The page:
The roots of Auschwitz

By Anna Belle Peevey and Ty Eppsteiner
“No event in the recent century casts a longer or darker shadow on our consciousness than what we call Auschwitz,” said Karl A. Schleunes, Professor of History at the UNCG. Schleunes spoke Monday, March 26 in Bryan Auditorium in a speech entitled “The Longest Shadow: Fitting Auschwitz into History.”

Schleunes is a renowned scholar of European history. One of his main emphases is the Holocaust. He has written numerous essays and publications on the subject, and received honors and awards for his work in the field.
His speech focused on the historical and religious implications of Jewish oppression during the Holocaust. Schleunes argued that the philosophical ramifications of the Enlightenment, as well as interpretations of the New Testament, led to a climate conducive and fertile to the growth of Nazism and the Holocaust.

“These two dark sides [Christianity and the Enlightenment] did not make the Holocaust inevitable, they provided the circumstances for it to happen,” said Schleunes.

The Christians joined the Jews as the second monotheistic religion in existence, after the death of Christ. In the early 300s, it became a tolerated religion throughout much of the Western world. The introduction of the New Testament provided an intellectual foundation for European civilization. In Schleunes’s speech, he posited that the New Testament has also facilitated anti-Jewish sentiment throughout history. He used examples from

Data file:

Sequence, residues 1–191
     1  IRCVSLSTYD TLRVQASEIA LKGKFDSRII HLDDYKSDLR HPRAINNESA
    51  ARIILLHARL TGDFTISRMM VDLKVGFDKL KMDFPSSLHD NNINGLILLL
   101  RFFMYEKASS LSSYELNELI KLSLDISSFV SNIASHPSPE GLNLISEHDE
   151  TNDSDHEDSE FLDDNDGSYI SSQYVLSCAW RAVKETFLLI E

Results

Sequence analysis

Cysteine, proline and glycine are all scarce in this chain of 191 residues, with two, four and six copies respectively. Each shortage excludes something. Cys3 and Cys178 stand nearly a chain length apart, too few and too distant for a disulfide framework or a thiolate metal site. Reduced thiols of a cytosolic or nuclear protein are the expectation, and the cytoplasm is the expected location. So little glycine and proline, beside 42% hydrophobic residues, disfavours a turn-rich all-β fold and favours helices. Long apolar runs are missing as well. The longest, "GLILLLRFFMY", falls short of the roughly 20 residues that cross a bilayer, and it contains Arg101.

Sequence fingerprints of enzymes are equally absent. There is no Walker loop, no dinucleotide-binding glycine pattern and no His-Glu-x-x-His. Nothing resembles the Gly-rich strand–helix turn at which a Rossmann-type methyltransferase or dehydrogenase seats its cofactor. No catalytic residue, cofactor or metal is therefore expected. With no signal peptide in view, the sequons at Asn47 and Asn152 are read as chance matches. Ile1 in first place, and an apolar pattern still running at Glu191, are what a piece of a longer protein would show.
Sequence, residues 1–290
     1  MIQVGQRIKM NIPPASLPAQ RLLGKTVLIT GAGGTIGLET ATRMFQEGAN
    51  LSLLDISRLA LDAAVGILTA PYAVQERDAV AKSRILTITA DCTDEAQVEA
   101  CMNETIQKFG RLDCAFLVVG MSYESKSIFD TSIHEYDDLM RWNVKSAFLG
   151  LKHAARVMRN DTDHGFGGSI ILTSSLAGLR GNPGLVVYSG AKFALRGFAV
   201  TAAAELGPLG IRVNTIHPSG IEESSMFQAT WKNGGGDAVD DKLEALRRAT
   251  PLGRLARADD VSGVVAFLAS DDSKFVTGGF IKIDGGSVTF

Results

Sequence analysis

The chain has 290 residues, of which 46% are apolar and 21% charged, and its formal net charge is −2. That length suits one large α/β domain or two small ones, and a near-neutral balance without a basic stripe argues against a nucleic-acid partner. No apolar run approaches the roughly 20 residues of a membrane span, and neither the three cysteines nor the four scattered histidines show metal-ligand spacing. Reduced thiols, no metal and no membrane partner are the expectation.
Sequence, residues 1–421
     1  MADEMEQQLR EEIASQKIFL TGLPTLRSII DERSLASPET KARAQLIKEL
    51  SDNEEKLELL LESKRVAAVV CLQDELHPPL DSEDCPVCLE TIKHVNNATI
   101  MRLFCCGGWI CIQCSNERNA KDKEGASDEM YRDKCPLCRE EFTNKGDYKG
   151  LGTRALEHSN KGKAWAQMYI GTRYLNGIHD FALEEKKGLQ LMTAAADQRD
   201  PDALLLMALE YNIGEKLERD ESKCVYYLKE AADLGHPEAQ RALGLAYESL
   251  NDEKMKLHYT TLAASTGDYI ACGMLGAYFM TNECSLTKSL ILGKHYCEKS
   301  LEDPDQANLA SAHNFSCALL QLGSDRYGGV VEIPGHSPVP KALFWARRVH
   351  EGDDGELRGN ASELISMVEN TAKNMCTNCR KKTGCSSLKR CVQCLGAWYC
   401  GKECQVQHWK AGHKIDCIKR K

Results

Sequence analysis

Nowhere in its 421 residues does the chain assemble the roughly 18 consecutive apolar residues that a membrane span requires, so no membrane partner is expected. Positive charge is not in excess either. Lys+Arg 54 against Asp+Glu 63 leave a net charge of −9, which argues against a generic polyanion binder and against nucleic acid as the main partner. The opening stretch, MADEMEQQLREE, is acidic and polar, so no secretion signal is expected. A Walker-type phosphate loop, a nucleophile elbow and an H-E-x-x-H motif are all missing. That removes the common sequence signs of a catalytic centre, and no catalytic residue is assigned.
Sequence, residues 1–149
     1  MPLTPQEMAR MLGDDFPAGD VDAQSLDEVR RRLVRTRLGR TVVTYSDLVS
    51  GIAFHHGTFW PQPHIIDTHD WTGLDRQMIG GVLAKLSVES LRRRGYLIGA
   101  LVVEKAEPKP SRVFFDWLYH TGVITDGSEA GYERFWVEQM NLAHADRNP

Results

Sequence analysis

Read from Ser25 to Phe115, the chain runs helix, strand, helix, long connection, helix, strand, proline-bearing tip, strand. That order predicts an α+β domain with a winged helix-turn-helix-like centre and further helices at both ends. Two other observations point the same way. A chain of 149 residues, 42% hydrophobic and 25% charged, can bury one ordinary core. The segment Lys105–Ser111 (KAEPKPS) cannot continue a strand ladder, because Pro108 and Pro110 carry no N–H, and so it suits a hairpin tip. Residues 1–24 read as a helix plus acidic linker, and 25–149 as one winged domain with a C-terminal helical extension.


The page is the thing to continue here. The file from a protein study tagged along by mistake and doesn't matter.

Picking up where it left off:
Matthew to illustrate Christianity’s rationalization of Jews as enemies, because they were the killers of Christ. He also made reference to the Crusades as continuing the dehumanization of Jews; Christians saw them as being “in league with the devil.”

In reference to the Enlightenment, Schleunes suggested that the resurgence of science and rationalism introduced another form of anti-Semitism. The Enlightenment was a movement away from all religion, but its framework lay in Christianity. Because this “Age of Reason” quickly became a widespread new paradigm, Jews that did not concede their religious identity to assimilate into this new way of thinking were ostracized. “The Holocaust may not have been as extreme if the year 1789 was wiped out of the pages of history,” quoted Schleunes.
Schleunes emphasized the importance of educating oneself on the Holocaust and its implications in past history as well as present society. “Time should be divided into two sections — before Auschwitz and after Auschwitz,” he said.